Sharon Mulcahy, 62, of Richmond, told  police she’d arrived at a motel in Baltimore the night  before with her “bowels overflowing,” and left the dogs in her car while she checked into a room, according to the Baltimore Sun.

“Ms. Mulcahy stated that she was going to go back downstairs to care for the  dogs, but instead decided to go to sleep, leaving the two dogs inside the vehicle for approximately 19 hours,” the police report said.

Temperatures in Baltimore reached the mid-90s on Saturday. Police said one window of the car was cracked open about two inches, but that the dogs — both poodles — had no food or water.

Inside the car, they found a six-year-old brown poodle named Missy dead, laying across the center console. A second poodle, Bear on the floor of the drivers seat. Bear survived.

Police found Mulcahy in the laundry room of the hotel. She was charged with six counts of animal cruelty and two counts of restraining a dog without shelter or food and water.

Dogs Deserve Better closes on Vick house

It’s a done deal: Dogs Deserve Better, a nonprofit group that fights chaining, penning and other forms of cruelty to dogs, has closed on Michael Vick’s old house — the former headquarters of the quarterback’s dogfighting operation, Bad Newz Kennels.

Dogs Deserve Better plans to turn the property in Surry County, Virginia, into a center to rehabilitate and resocialize dogs that have been mistreated and abused, with the hope of finding them adoptive homes.

The name of the facility will be: The Good Newz Rehab Center for Chained and Penned Dogs.

The potential deal, which we told you about in February, became a reality in May, when Dogs Deserve Better raised enough money for the down payment and secured a bank loan to purchase the 4,600-square-foot white brick house and surrounding 15 acres.

The group paid $176,507 as the down payment for the house, liisted at $595,000, and is still raising money to pay for the rest and make improvements.

Once complete, it will be a $2.5 million facility, founder Tamira Thayne said told the Virginian-Pilot.

“Purchasing this property and in effect giving it back to the victims of the abuse that occurred here is a very powerful step for animal advocates and our country’s dogs alike,” said Thayne. “We are sending a message to those who want to abuse and fight dogs that a new day is dawning in America, a day where dogs are treated with the love and respect they deserve as companions to humans.”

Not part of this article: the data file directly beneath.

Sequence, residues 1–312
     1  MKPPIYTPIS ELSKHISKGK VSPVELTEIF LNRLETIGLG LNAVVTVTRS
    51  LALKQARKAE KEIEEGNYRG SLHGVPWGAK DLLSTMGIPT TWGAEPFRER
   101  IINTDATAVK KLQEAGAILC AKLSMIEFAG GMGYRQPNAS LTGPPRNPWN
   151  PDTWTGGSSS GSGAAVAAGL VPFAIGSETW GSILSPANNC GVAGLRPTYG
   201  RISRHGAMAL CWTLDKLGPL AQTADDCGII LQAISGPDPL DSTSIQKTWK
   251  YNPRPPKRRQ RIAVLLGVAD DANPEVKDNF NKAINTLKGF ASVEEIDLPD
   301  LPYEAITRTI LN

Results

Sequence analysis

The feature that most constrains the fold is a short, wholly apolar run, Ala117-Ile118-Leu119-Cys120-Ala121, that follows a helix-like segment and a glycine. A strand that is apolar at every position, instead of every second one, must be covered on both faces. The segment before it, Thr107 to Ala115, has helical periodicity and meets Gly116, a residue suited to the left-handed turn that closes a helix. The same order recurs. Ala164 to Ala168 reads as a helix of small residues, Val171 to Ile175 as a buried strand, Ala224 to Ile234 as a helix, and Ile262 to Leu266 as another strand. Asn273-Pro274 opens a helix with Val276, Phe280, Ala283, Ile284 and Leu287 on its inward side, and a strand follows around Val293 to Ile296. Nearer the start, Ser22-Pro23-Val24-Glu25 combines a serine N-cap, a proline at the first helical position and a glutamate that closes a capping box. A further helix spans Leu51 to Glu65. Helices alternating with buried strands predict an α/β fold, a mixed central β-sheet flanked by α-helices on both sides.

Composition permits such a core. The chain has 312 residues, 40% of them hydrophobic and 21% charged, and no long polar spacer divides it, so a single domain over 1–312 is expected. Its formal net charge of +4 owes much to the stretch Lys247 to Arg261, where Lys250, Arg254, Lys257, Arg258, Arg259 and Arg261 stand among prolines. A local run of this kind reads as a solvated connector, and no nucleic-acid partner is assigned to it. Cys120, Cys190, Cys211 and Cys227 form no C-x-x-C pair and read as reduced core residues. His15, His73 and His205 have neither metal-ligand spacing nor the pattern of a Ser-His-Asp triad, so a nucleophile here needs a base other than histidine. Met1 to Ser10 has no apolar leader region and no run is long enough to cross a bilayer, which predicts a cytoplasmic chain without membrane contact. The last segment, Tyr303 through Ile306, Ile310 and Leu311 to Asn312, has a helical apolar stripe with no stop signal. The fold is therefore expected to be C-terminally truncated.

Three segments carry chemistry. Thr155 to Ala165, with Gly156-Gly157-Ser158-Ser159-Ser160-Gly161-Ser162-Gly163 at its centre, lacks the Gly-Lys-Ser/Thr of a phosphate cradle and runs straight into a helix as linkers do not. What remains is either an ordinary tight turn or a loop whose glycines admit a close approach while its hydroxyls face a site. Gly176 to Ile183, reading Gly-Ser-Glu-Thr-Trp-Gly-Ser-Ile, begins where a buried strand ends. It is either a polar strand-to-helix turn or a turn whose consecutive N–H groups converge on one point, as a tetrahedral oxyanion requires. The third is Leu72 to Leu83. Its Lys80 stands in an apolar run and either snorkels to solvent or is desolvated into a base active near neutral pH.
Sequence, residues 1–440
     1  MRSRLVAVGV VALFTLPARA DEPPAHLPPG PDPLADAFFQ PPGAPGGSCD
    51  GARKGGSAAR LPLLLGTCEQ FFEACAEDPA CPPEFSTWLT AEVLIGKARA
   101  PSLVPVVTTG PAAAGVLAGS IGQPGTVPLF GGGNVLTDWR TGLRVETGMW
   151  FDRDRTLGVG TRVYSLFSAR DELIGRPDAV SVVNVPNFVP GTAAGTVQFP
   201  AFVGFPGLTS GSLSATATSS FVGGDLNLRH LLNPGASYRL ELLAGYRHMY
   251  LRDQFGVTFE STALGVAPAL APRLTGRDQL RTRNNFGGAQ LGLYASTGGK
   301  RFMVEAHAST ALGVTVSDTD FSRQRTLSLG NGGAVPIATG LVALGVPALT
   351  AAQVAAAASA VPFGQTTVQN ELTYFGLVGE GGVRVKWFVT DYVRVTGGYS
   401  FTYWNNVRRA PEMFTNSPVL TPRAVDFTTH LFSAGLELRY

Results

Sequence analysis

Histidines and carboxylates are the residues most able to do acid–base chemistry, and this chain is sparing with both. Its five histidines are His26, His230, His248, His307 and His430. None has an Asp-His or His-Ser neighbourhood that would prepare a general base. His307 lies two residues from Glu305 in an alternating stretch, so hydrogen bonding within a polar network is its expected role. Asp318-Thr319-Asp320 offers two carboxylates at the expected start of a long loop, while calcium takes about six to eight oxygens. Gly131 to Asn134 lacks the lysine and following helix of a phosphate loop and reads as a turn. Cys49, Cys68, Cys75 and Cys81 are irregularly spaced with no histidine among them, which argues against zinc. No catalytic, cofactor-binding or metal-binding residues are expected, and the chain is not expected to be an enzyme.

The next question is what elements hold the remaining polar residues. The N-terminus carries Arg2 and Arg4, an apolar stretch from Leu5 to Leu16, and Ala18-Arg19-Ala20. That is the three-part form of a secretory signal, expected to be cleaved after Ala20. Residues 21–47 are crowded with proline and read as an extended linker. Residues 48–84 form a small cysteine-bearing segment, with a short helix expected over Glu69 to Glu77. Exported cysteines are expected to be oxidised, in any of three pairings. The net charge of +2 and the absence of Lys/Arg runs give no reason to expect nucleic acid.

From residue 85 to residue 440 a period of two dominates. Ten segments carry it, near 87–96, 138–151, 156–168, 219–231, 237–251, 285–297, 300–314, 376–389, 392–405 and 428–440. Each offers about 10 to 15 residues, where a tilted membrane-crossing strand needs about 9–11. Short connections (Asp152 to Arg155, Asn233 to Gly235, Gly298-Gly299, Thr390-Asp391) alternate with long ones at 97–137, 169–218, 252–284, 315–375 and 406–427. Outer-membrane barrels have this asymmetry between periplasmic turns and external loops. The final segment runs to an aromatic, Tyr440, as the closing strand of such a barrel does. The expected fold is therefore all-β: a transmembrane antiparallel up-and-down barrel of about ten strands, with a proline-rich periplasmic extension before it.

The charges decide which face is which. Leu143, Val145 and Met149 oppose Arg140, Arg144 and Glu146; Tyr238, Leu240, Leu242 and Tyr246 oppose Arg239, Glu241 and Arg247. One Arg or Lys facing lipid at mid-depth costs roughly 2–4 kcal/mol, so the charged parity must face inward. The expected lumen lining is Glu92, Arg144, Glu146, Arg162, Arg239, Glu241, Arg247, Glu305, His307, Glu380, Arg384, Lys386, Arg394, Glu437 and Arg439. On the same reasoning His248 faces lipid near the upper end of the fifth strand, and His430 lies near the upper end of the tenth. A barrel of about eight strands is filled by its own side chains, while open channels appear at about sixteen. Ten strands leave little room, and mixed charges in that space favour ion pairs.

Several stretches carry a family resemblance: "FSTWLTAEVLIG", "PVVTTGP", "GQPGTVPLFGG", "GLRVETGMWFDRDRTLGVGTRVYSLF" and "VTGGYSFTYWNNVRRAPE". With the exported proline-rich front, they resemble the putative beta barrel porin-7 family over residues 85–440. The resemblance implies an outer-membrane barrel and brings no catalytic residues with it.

The Washington Post had a report on the property’s transition from a place of nightmares to a place of hope earlier this month.

Dogs Deserve Better, which will move from its Pennsylvania base to Virginia,  has never had a facility of its own, but it says it has rescued and rehomed more than 3,000 dogs during its existence.

Dogs Deserve Better says having the facililty in a house will help in socializing the dogs it takes in. The group hopes to rescue and rehabilitate 500 dogs a year.

Thayne said that, in addition to welcoming visitors, Dogs Deserve Better will also build a memorial on the property for the dogs who died and suffered there, according to Dogster.com.

For more information on the purchase, the plans and how you can donate, visit the website of Dogs Deserve Better.

Good Newz, Bad Newz: Michael Vick’s house to become rehabilitation center for dogs

An animal rescue group says it has been able to raise enough money to make the down payment on Michael Vick’s former home in Virginia, which they plan to turn into a center for rescued dogs.

It will be called Good Newz (a play on Vick’s Bad Newz Kennels) Rehab Center for Chained and Penned Dogs.

The group Dogs Deserve Better announced on its website it had received an approval for a loan and hopes to close on the Surry County property that served as headquarter’s for Vick’s dogfighting operation in mid-May.

The group, which has already raised a third of the sale price,  is still raising money to pay off the remaining two-thirds — the amount the loan was approved for. They hope to build a fence around the property and start accepting dogs while they raise the money to build the facility, WVEC reported.

Members have previously said say they’d need an estimated $3 million to create the dog center, which would also serve as the new headquarters for the Pennsylvania-based rescue group.